Helen gasped. Her hands flew to her face in a helpless gesture of alarm. Even the pilot turned to gaze at the spectacle behind them.

The last lightning strike had apparently hit the Linton's ship. Smoke rose from the gondola. The twins waved their arms about and while Helen could not hear the words of their shouts, she could doubtless guess at the nature of their sentiments.

"Good heavens!" she said to her father, who had stalked over to her side of the gondola to get a better look. His hair had calmed someone, but Helen smothered another impulse to grin because a wild lick of hair at the crown of his head stood up like a hayrick despite the wind.

"What the devil are they going to do?" her father demanded. "Shouldn’t they land?"

"That might be best, but they're in the same position as we are."

"More dangerous to land," Romano agreed, taking a quick glance at the controls over his shoulder then turning his attention back to the Linton's airship. "There could be an explosion. Poof!"

"Shouldn't you have your hands on the controls?" Rochester barked at him.

Romano glared at him. "I can manage the ship just fine."

"We're awfully near the ground."

"Papa, let Signor Romano do his own driving."

"Thank you, signorina," Romano muttered with a curt nod.

Helen smiled back but noted that they were rather precipitously close to the ground and began edging toward the controls as she kept her eyes on the Lintons. Tuppence landed beside her on the gondola's edge and began to croak at her.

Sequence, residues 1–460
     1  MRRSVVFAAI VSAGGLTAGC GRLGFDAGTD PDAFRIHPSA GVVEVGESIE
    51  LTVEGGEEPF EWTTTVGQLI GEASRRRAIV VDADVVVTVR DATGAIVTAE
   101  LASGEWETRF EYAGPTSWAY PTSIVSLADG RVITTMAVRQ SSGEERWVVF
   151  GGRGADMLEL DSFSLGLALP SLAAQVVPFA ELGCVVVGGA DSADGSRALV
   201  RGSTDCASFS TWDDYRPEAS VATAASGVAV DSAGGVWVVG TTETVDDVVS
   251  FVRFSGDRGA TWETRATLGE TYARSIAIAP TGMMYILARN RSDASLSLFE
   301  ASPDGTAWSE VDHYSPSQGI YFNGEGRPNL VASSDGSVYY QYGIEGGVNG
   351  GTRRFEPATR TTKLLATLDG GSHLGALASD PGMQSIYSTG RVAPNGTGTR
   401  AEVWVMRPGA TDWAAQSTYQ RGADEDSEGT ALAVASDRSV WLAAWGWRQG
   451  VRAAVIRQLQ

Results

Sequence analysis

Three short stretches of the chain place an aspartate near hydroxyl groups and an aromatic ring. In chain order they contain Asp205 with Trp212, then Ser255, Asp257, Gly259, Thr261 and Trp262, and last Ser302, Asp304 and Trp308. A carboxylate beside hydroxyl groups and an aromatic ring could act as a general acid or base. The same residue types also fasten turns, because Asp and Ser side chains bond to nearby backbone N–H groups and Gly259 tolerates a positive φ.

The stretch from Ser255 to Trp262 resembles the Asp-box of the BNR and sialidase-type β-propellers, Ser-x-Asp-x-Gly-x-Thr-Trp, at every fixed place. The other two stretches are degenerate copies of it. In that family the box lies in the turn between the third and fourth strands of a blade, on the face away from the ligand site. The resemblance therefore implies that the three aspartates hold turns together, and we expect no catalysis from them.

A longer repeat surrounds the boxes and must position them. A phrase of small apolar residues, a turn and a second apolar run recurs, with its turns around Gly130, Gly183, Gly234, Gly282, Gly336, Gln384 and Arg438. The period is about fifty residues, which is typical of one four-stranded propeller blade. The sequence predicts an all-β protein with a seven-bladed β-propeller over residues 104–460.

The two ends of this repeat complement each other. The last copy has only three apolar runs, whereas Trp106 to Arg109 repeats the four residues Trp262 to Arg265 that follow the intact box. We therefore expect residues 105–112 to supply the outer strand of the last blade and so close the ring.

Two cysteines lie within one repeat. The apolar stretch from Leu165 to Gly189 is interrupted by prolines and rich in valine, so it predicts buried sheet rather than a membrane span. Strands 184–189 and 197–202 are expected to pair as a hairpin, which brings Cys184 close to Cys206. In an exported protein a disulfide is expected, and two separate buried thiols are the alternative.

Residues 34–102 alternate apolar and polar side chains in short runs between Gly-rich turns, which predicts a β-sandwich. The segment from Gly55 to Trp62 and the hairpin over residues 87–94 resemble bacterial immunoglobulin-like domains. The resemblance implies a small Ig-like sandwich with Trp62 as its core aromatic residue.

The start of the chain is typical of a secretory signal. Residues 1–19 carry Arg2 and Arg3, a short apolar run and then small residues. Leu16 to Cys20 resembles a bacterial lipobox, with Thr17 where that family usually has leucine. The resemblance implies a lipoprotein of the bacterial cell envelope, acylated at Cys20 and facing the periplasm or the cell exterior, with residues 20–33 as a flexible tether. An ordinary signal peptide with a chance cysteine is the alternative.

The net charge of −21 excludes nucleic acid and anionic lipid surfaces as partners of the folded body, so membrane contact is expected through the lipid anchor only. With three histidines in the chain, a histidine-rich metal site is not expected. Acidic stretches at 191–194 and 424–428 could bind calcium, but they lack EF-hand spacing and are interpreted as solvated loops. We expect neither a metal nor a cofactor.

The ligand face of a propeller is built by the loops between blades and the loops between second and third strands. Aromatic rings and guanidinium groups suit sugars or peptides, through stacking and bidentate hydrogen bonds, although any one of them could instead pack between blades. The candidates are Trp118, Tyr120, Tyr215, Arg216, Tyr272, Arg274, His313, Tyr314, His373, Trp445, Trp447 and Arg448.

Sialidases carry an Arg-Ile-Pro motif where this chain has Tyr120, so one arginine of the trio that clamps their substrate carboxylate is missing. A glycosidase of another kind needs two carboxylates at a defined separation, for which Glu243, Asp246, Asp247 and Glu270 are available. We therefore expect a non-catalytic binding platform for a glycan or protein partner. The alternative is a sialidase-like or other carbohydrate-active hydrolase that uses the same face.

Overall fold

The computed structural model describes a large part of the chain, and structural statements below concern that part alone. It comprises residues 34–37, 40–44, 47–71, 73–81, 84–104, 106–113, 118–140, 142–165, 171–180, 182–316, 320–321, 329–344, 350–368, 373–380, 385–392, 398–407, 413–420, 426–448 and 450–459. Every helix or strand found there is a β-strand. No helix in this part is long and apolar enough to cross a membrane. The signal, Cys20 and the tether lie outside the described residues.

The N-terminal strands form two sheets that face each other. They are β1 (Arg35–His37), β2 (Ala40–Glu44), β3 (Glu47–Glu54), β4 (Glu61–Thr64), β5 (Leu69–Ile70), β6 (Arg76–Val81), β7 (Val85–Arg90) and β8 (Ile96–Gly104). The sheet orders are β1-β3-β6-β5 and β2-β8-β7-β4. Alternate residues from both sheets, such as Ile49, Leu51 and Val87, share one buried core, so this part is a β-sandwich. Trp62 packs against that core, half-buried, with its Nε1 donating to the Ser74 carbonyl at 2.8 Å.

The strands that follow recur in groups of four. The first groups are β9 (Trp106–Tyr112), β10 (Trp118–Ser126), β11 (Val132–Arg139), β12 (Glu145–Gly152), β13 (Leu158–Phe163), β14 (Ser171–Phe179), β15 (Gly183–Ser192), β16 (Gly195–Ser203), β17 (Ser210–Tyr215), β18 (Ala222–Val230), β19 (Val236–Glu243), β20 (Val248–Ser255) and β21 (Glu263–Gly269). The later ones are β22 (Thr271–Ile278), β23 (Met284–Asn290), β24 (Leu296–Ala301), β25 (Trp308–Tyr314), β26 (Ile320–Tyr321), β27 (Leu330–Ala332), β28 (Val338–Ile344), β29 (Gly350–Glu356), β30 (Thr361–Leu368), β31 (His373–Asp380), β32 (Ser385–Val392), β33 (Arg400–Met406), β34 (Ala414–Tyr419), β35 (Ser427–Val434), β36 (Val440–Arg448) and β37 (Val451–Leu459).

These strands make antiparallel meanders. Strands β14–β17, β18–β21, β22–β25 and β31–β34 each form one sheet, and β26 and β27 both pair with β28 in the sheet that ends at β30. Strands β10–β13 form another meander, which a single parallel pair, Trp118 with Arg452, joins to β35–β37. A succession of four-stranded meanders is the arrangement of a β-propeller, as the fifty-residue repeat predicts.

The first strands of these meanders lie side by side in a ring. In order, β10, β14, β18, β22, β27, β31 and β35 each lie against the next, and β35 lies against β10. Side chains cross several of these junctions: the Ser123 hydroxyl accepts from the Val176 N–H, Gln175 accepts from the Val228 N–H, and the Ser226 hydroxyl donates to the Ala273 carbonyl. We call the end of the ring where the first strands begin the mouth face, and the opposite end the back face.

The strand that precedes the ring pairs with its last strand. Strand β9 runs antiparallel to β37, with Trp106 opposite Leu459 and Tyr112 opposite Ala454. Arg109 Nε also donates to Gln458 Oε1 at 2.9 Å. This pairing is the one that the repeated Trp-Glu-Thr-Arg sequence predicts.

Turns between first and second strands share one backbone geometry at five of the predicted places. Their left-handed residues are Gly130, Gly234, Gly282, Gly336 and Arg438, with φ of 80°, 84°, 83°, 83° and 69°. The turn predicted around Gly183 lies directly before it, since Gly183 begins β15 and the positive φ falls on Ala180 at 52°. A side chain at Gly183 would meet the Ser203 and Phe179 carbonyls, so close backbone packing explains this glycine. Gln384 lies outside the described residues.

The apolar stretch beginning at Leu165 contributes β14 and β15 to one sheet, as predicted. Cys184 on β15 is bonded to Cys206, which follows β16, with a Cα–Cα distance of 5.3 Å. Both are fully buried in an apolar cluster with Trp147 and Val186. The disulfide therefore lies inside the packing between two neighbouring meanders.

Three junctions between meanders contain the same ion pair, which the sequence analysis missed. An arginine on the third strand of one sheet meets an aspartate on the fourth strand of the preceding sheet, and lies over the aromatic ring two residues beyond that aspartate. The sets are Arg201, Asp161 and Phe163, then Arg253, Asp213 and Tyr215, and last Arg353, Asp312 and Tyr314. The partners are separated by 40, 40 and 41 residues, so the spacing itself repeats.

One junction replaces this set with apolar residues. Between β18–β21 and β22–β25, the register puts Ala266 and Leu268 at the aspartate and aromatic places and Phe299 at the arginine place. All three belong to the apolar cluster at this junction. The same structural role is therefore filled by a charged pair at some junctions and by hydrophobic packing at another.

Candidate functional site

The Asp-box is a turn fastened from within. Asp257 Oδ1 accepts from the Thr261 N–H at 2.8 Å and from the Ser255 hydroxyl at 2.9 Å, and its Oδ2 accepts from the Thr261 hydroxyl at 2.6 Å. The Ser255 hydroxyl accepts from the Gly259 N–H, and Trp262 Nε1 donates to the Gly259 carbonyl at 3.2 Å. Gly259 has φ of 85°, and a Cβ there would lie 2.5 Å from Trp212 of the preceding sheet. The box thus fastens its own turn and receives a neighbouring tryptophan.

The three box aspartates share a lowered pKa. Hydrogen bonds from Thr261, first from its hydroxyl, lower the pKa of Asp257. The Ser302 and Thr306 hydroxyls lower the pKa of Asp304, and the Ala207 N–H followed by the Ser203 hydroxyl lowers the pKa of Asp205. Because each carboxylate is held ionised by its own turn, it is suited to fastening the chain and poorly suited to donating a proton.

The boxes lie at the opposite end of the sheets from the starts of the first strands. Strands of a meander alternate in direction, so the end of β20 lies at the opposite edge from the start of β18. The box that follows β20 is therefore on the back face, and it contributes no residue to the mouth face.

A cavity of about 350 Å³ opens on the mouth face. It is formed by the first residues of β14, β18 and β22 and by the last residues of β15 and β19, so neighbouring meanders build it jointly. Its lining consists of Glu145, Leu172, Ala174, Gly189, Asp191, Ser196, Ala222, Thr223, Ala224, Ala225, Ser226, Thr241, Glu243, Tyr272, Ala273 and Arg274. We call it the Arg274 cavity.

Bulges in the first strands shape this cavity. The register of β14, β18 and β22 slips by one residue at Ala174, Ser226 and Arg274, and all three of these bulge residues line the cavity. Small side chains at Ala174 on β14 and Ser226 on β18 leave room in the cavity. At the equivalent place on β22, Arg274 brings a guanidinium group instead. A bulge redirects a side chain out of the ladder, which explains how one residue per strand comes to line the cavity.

"Hush," she said, but the bird continued to chatter away at her as if it had something to say. "Go make yourself useful," Helen said at last. "See what's happening over there."

Tuppence took wing and headed toward the Linton's ship.

"Witchcraft," Rochester muttered under his breath, although loud enough for his daughter to hear clearly. "Just like your mother."

"Tuppence is an intelligent and well-trained companion," Helen said, still keeping an eye on the distance to the ground below. "It's no more witchcraft than your ability to communicate with Belial."

Her father murmured something she couldn't quite catch. His gaze returned to the Linton's airship.

The black smoke billowed around the balloon's semi-rigid frame and flowed up into the sky leaving a perceptible trail in its wake. Helen leaned forward trying to see through the increasing blackness and the rain.

There was no doubt: flames licked the edges of the gondola in the rear. They were small yet, but doubtless they would spread.

"Shouldn't they land now?" Helen's father asked again. "They don't seem to be slowing at all. What the devil are they doing?" he squinted over the distance. His sight wasn't very good at the best of times and in the murk of the day and over the space between them he seemed to find it difficult to make anything out.

Helen took a quick glance down. Much too close! "Signore…"

The pilot looked over his should and smiled. "Signorina?"

Helen nodded down. Romano looked over the edge of the gondola and his eyebrows shot up. He rushed back to the controls and started the ship on a more accelerated climb. Helen gave her father a quick look but his face was still screwed up trying to see what the Lintons were doing.

She moved closer to him. "They seem to be trying to put the fire out."

"Naturally," her father said dryly. "Imagine that."

Helen smirked. "They don't seem to have anything at hand to do so, however."

"Damned foolishness!"

"Well, they obviously didn't think about the possibilities."

He looked at her with a frown. "Are you prepared for such an occurrence?"

Helen pointed to the buckets of sand lining the back of the gondola. "Just in case."

Her father gave her one of his rare smiles. "Clever girl." He looked up at Romano. "Are we going back up?"

Helen nodded. "The risk of lightning seems past—" An explosion halted her words.